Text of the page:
“Positively No Dancing”, a slim volume of stories by James Mason (no relation to the actor) lures us unceremoniously through the back doors and dark bars and understated prosaic beauty of everyday New York.
Those of you who are familiar with such writers as Denis Johnson, Charles Bukowski, and Jayne Anne Phillips are probably no strangers to a style of writing attributed to them called “Dirty Realism.”
Per Wikipedia: Dirty realism is a term coined by Bill Buford of Granta magazine to define a North American literary movement. Writers in this sub-category of realism are said to depict the seamier or more mundane aspects of ordinary life in spare, unadorned language.
Sometimes considered a variety of literary minimalism, dirty realism is characterized by an economy with words and a focus on surface description.
The first story, simply titled “John Flowers” starts out: “I was sitting across from my teaching gig on 13th street, waiting for my friend Stacey.”
To state that that paragraph was built with an economy of words would be an amusing understatement. And yet the reader is immediately pulled in. Yeah, John Flowers is just sitting there, waiting for his friend, but why?
One discovers he has an usual job working in an adult rehab center for the mentally disabled, a job he enjoys and feels he’s good at. A job where a woman gets on the center’s bus every morning and tells him that she saw him in her cereal, something he describes as a refreshing way to start the day.
Bars figure into most of the stories here, along with some pill popping and definitely some intended/unintended soul-searching. As the author states in the story “Dead Little Boy”…
The guys in the bar looked like the old guys in every bar, peering into their glasses, trying to locate their lives.
The sad, Sisyphean self-scrutiny continues with observations like these:
..in Ireland most of them (bars) are round so people are all kind of looking at each other and conversations start more naturally. As opposed to American bars where you sit shoulder to shoulder and spend the night staring at the reflection of the person you came to get away from in the first place.
Originally from Ohio, Mason lived in New York for over 25 years, well qualifying him to become a spokesman for the city and his Brooklyn neighborhood (Red Hook specifically), topics ranging from the gentrification of mom and pop bars to taxi driver banter.
An interview in “Jeremiah’s Vanishing New York” highlights Mason’s colorful response to gentrification:
Well, you know what? Fuck you. The slaughterhouses were here before you were. The factories were here before you, and they employ hundreds of neighborhood people … Why the fuck did you buy a condo next to a chicken slaughterhouse in the first place? When I moved to Williamsburg in ’87, I didn’t look around and try to see how I could change it. I was in Rome. I tried to figure out how the Romans do.
Layered within the darkness of emotional paralysis and self-destructive behaviors, an unselfconscious humor nevertheless lightens much of the ambiance, like how we are when we first meet, as demonstrated in the third-person story entitled: “Pretty.”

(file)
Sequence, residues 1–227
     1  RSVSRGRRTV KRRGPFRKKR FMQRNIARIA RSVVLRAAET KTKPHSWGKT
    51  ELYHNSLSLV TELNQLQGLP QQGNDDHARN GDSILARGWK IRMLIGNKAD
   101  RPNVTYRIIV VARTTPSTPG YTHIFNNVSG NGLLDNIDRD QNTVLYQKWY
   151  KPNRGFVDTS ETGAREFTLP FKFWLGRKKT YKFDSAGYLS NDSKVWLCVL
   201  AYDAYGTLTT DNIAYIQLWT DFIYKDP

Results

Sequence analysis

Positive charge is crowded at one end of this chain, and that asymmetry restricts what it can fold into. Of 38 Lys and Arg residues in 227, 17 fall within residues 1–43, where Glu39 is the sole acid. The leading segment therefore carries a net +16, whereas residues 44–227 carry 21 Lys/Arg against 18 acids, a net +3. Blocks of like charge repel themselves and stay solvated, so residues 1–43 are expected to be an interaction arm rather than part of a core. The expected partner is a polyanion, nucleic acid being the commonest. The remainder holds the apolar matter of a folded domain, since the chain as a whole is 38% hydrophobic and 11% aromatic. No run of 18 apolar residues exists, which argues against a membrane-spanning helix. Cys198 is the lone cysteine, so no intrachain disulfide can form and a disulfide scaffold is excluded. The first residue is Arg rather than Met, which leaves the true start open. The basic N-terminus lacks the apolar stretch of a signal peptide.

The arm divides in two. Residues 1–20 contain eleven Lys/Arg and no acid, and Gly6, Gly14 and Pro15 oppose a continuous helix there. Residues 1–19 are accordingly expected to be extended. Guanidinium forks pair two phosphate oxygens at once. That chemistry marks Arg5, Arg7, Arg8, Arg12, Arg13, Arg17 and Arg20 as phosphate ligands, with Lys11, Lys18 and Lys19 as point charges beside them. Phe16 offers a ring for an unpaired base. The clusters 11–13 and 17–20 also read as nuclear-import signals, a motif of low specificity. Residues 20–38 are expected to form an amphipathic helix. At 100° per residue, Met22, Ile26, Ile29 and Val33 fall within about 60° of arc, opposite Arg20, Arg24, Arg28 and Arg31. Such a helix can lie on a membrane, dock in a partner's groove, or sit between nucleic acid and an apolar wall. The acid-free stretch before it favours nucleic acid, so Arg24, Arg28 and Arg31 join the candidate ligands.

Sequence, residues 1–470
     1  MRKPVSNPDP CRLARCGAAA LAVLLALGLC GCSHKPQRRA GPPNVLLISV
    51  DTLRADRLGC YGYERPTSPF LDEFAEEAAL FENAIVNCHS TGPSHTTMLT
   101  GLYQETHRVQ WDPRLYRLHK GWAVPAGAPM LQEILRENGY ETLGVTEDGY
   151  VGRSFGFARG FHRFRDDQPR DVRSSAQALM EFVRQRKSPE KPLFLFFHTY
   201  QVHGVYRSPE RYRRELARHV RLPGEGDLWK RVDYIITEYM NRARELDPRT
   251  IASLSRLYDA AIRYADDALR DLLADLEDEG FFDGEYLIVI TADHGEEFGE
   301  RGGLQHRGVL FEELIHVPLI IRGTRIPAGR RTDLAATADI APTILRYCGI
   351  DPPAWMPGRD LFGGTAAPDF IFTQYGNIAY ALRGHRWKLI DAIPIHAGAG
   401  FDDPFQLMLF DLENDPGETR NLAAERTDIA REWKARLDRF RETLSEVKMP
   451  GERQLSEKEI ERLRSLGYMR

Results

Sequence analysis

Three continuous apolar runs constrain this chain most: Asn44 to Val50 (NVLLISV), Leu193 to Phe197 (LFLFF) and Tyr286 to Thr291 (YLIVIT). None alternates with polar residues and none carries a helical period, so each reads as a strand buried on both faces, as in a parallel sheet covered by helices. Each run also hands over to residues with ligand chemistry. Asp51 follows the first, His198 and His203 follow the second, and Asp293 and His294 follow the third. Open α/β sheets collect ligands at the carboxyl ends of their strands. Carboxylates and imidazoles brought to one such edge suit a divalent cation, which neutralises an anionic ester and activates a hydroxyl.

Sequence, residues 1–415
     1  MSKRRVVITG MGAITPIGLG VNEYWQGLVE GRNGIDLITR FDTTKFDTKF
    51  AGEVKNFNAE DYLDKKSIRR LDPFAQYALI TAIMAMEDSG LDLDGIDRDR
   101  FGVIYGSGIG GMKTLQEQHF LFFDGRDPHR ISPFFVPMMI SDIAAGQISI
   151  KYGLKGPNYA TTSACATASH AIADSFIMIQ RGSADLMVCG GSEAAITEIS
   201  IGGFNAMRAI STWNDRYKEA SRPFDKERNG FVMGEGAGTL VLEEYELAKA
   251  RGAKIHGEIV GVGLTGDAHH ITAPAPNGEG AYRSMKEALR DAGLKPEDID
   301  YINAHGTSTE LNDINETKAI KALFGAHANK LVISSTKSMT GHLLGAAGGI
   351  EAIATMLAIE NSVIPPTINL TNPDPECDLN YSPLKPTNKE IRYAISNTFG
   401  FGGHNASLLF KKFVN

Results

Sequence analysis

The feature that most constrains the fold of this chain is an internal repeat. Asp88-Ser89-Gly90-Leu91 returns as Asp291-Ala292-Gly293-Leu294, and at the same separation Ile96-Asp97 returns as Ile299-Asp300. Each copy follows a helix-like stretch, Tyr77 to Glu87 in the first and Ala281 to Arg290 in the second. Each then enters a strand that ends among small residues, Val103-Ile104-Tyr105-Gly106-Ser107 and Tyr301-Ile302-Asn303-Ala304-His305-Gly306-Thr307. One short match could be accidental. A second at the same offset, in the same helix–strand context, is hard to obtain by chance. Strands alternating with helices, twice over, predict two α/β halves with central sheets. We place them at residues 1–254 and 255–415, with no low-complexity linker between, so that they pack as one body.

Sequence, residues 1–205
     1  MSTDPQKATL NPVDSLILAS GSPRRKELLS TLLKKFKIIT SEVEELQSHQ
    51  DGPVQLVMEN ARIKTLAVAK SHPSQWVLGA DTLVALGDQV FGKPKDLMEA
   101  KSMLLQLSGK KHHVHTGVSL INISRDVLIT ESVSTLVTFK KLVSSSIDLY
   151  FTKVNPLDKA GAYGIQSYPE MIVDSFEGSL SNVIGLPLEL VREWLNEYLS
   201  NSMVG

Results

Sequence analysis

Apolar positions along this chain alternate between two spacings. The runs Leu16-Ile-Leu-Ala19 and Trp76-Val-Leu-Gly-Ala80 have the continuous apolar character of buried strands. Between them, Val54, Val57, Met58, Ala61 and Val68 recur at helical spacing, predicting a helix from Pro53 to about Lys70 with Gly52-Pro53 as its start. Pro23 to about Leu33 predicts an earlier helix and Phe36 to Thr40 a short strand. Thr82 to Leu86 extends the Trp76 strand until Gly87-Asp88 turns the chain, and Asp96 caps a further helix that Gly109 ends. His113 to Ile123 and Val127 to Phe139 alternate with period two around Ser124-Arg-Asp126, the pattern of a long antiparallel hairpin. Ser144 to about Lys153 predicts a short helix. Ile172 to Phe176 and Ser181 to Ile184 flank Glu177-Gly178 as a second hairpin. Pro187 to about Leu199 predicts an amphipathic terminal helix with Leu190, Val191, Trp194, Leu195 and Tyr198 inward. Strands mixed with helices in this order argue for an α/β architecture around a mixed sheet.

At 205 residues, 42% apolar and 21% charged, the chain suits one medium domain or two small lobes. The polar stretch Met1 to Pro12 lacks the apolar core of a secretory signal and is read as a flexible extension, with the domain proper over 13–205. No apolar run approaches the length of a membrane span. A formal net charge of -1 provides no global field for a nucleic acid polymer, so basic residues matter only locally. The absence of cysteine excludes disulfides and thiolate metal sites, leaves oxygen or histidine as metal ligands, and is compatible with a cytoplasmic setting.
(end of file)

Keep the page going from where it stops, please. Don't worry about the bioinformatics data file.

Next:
This is the part you’re not crazy about, the small talk.
“You have pretty hair,” you say.
“Thanks,” she says.
“What do you call that color?”
In another story, “Ashes,” the protagonist’s tendency toward short-lived, somewhat doomed relationships starts out like anybody else’s with a girl he’d met showing up in a bar again:
She had on a deep blue eyeliner and some kind of white feather boa. She looked like she was playing dress-up.
Here we go, I thought.
We can relate to this character, because we’ve been there before. Maybe not with a girl or a white boa, but in a blossoming situation in which, although new, we recognize familiar colors and patterns. The indicators of what’s to come.
A while later, waist or chest or neck-deep in the relationship, the fun is gone and the fighting has begun, the catalyst John arriving late from the bar again:
I…took a bottle of bourbon…Touching it made things louder…I reached for her. The sound was hard, like something heavy dropping.
An L.A. Times article by David Ulin summarizes the collection this way:
John goes to a funeral; he talks to a little girl and her sister on the Brooklyn Promenade about the proximity of the World Trade Center to Heaven.
“Maybe angels shed feathers from their wings,” the girl suggests, “… [a]nd then the birds come and fly up and take the feathers and makes nests with it.” That’s a perfect metaphor for Mason’s book, which gathers the detritus of city life and spins it into something spare and beautiful.
I would agree. In fact, the spare and beautiful part actually reminds me of the end of the short story “Brokeback Mountain”:
There was some open space between what he knew and what he tried to believe, but nothing could be done about it, and if you can’t fix it you’ve got to stand it.
In the conclusion of Mason’s “Nicotine Angel” John Flowers, remembering the small bit of compassion a nurse had shown him while he’d been detoxing in a hospital, returns there in search of something that remains, obviously, elusive in his life:
I stopped and lit a cigarette…I could just sneak back in and lie down. She’d have a bed waiting for me. I figured I’d smoke this one, then one final one, seeing as there wouldn’t be any more for a while.
That’s kind of how I feel about this collection and this author, considering nothing more, at least in book form, has been forthcoming from him. It’s almost like he dropped off the edge of the world.
I feel like I need to savor this little book, roll it around on the tongue, make it last, seeing as there hasn’t been, and probably won’t be, any more for a while.
A PDF of the collection can be downloaded here: http://www.lulu.com/shop/james-mason/positively-no-dancing/ebook/product-17550456.html?ppn=1